Book Review: Mumbai Fables

  “Bombay, it has been said, is not a city, it is a state of mind. It is the state of a young man’s mind, exciting and excitable, exuberant and effervescent, dynamic and dramatic”, writes Khwaja Ahmed Abbas, recording the excitement of his first journey to the city in 1934. A city that ‘he had read about in novels and short stories’. A city that still remains a fantasy for many!
  Gyan Prakash’s Mumbai Fables registers this ever vibrant, dreamy, cosmopolitan and modern spirit of Bombay and its ironical transformation to a communal and terror gripped Mumbai through an array of literary, cinematic, architectural and industrial accounts. And it is indeed the blend of these different mediums to portray the colourful image of India’s foremost metropolis that distinguishes this book from the countless others written on it. What’s even more interesting is the manner in which all the information is presented, i.e. with the help of pictures that include maps, photographs of various city landmarks, stills from films, clippings from newspapers, comic strips and paintings, making this read a visual journey through the lives and times of Bombay. You will never be able to see the city in the same light again.
  A worthy compilation of Bombay’s major historical events, Mumbai Fables is a systematic narration of everything that you ever wanted to know about the island city. Right from its origin from seven islets, its hand over to the British from the Portuguese (Bombay was Vasco da Gama’s discovery during his search for Christians and spices on the southwestern coast of India) up till today. Christened as the “island of good life” by the latter, it was gifted to the English as dowry when Catherine of Braganza married Charles II in 1661. The book unearths a lot of such never-heard-before facts about the city along with acquainting the reader with the life of some of its iconic personalities about whom one has only known through names of famous city schools, hospitals and streets coined after them.
   For instance, it narrates the rags-to-riches story of Sir Jamsetjee Jejeebhoy, a successful opium trader whose name graces J J School of Art and J J Hospital. Similarly, it recounts the powerpacked and relentless campaign of Khurshed Framji Nariman against the British government, in opposition to their reclamation project of Backbay that earned Nariman an area on the Backbay named after him, known to us as Nariman Point. The book also records some of the defining incidents like the 1959’s Nanavati murder trial that shook the cultural edifice of the city and the bloodshed of the Hindu-Muslim riots that left a stain on Bombay’s cosmopolitanism forever.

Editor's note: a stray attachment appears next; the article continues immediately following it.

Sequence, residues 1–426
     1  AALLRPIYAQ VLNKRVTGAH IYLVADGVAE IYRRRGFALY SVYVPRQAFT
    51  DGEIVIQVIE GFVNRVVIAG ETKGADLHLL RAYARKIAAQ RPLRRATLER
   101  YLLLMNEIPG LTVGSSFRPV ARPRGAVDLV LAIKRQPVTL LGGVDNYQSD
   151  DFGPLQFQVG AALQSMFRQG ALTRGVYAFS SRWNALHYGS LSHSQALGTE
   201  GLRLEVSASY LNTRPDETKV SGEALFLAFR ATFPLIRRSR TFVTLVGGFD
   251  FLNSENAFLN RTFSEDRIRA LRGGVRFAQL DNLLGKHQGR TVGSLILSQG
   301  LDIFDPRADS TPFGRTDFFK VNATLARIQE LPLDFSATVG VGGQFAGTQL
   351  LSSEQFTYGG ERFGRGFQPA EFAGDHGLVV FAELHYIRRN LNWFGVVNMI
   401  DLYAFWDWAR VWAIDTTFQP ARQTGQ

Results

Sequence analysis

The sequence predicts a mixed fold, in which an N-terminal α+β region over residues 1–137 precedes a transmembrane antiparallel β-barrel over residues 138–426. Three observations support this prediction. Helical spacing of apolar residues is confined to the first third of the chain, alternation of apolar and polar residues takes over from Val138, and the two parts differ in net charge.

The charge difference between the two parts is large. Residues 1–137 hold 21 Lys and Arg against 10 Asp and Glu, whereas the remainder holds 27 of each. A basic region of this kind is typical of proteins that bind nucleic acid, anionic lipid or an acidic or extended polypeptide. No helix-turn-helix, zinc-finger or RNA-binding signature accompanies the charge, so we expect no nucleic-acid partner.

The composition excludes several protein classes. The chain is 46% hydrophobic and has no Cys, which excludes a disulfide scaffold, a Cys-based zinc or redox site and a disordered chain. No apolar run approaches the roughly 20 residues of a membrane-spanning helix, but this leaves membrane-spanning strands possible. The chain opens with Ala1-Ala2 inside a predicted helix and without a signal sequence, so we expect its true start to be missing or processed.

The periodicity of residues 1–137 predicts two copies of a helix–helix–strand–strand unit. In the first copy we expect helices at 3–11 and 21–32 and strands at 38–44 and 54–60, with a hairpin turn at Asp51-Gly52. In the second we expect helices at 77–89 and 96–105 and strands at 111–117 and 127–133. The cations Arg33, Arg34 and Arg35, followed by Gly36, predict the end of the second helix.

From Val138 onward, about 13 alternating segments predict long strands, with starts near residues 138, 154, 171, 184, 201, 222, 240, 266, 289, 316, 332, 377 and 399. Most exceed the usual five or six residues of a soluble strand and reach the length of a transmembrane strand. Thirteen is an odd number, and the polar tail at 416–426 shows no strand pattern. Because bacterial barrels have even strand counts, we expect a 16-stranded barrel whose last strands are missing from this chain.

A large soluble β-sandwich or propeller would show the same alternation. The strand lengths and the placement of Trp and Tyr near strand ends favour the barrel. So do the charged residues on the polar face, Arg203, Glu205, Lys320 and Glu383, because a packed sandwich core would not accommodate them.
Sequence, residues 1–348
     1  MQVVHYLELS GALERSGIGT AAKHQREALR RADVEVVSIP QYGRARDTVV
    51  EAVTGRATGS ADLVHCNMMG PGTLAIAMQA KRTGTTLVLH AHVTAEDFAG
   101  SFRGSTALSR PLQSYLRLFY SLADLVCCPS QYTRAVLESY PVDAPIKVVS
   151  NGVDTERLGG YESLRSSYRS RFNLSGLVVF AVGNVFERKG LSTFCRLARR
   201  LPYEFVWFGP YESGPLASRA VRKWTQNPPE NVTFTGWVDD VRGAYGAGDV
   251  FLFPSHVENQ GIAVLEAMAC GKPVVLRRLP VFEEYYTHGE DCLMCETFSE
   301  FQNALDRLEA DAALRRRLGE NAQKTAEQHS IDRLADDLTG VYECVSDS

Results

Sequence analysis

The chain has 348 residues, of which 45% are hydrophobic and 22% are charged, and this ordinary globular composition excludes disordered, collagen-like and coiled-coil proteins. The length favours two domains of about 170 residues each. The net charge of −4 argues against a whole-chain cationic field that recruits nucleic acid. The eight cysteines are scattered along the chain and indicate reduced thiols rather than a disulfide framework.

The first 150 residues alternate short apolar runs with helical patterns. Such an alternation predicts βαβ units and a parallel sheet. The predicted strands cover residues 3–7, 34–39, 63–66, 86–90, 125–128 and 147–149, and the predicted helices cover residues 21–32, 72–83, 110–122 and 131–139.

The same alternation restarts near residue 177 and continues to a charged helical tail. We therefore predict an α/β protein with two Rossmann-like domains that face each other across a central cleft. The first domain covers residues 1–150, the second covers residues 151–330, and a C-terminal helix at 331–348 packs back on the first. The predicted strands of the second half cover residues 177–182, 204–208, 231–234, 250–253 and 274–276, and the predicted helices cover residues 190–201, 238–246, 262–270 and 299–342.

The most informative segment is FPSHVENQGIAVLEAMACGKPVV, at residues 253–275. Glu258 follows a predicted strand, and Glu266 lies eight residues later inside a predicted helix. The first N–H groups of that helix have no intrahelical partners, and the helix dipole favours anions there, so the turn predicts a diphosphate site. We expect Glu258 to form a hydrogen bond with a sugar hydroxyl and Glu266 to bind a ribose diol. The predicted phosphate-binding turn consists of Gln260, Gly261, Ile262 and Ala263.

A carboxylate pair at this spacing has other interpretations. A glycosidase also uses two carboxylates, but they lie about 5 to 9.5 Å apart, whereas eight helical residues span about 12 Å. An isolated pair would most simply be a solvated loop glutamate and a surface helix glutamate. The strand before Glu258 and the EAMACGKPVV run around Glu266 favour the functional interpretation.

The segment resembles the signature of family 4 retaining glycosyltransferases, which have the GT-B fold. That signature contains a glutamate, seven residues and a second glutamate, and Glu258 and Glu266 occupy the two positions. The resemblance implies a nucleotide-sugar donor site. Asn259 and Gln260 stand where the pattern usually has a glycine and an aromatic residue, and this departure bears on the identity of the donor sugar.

Every chapter out of the nine covers a significant aspect of the city but the most intriguing is the one which explores the literary, film and theatre scene during partition and after that. It features the life and work of popular writers and filmmakers and how their work contributed immensely towards the city’s progress and social evolution.
  In his depiction of Bombay, Prakash (a History professor of Princeton University) draws a sharp contradiction in its nature too. It brings out its sophisticated and glamourous side on one hand through the visual drama of the sea and the Art Deco at Marine Drive and various British and Indian figures of the elite circle (earlier the Indian elites mainly comprised of Parsis who were more at ease and entwined with the western culture and industries than other communities) whereas it also highlights pathetic living conditions in chawls housing the mill workers on the other. But it is clear that Prakash, like every outsider, is enchanted with the city’s grandness and that refrains him from delving much into the smelly, crammed up and poverty-ridden side of the metropolis.
  Also, each chapter, barring the one on films, has a certain repetitiveness with the author stressing too much on some info. Nevertheless Mumbai Fables is relevant in context to a place which we criticise, crib about, even loathe at times but can never stop loving all the same. 


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